The regulation of cohabitants in Scottish succession law

Fyvie, Ellyn Sarah (2016) The regulation of cohabitants in Scottish succession law. LL.M(R) thesis, University of Glasgow.

Full text available as:
[img]
Preview
PDF
Download (582kB) | Preview

Abstract

Ten years ago, cohabitants in Scotland had no statutory rights in respect of their deceased partner’s estate. Section 29 of the Family Law (Scotland) Act 2006 gave cohabitants the right to apply to the court for discretionary provision from their deceased partner’s intestate estate. This thesis examines the process of making such an application and the way that the provisions have been applied in practice. The juxtaposition of the Family Law (Scotland) Act 2006 and the existing rules for intestate succession in the Succession (Scotland) Act 1964 is considered, with particular focus on the subordination of cohabitants’ rights to the succession rights of a surviving spouse, and the negative impact that this may have on children. It is concluded that the current succession framework is incapable of protecting cohabitants and children in reconstituted families. Potential measures are considered to displace the traditional primacy of marital succession rights, and provide a fair and flexible system of succession law that is capable of dealing with complex family structures.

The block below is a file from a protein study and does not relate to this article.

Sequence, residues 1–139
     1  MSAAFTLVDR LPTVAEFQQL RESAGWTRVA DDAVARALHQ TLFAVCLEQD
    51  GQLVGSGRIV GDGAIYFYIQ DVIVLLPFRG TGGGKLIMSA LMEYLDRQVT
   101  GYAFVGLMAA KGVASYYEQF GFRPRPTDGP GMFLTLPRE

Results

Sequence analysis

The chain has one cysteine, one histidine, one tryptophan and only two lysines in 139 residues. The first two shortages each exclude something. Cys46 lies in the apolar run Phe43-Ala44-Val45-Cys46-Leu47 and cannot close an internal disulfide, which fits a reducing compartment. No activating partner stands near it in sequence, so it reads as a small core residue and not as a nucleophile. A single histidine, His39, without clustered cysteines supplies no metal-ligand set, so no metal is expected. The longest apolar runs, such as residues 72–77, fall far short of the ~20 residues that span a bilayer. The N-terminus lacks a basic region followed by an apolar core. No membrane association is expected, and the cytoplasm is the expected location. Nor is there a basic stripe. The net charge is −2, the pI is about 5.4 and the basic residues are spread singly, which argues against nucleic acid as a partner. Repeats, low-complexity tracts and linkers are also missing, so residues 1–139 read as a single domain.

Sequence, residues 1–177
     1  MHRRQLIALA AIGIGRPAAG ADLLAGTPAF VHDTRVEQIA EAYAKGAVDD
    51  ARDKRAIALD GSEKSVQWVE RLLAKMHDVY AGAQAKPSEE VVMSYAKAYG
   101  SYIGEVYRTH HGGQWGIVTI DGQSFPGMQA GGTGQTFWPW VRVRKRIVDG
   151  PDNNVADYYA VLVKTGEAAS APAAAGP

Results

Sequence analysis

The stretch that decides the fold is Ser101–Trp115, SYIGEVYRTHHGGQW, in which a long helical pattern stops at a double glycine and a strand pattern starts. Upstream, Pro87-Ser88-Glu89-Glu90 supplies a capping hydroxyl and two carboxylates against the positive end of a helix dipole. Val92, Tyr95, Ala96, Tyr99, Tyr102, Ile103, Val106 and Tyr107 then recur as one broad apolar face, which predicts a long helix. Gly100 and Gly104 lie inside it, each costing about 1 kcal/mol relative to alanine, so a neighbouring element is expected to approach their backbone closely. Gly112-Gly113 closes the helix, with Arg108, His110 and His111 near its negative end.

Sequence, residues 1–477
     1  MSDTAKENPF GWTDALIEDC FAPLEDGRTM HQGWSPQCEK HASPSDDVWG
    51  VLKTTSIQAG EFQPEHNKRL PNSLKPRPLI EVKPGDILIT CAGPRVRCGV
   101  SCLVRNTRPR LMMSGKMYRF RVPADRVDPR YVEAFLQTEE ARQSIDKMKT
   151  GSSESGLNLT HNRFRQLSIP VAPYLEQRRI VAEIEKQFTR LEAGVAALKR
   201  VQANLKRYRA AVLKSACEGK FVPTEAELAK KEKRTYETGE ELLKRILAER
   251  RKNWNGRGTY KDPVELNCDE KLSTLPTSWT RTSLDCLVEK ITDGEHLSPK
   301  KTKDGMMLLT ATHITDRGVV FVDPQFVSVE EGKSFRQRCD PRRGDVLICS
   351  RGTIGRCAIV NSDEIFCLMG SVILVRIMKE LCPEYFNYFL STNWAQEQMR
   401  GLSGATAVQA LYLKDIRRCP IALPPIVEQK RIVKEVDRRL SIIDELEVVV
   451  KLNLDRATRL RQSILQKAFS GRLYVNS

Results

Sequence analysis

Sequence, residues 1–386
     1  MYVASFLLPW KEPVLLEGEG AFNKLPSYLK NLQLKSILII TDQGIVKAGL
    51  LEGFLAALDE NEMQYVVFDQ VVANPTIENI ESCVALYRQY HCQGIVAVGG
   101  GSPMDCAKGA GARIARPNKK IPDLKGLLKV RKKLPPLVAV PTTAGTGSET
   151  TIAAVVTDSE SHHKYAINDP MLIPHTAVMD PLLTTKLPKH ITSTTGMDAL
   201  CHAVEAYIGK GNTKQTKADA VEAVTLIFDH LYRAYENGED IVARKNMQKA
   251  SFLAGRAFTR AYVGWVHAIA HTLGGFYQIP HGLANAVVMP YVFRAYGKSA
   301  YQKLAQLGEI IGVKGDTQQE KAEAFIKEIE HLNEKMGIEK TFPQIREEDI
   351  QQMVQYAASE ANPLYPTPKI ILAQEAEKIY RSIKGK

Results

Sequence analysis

Item Type: Thesis (LL.M(R))
Qualification Level: Masters
Keywords: Cohabitation, cohabitant, cohabitants, unmarried, marriage, succession, succession law, property law, intestacy, family, family law, Family Law (Scotland) Act 2006, Succession (Scotland) Act 1964, wills, executry, marriage by cohabitation with habit and repute, cohabitants' claims, prior rights, legal rights, Scottish Law Commission
Subjects: H Social Sciences > HQ The family. Marriage. Woman
K Law > KD England and Wales > KDC Scotland
Colleges/Schools: College of Social Sciences > School of Law
Supervisor's Name: McCarthy, Dr. Frankie
Date of Award: 2016
Depositing User: Miss Ellyn S. Fyvie
Unique ID: glathesis:2016-7380
Copyright: Copyright of this thesis is held by the author.
Date Deposited: 02 Jun 2016 11:52
Last Modified: 28 Jun 2016 13:00
URI: http://theses.gla.ac.uk/id/eprint/7380

Actions (login required)

View Item View Item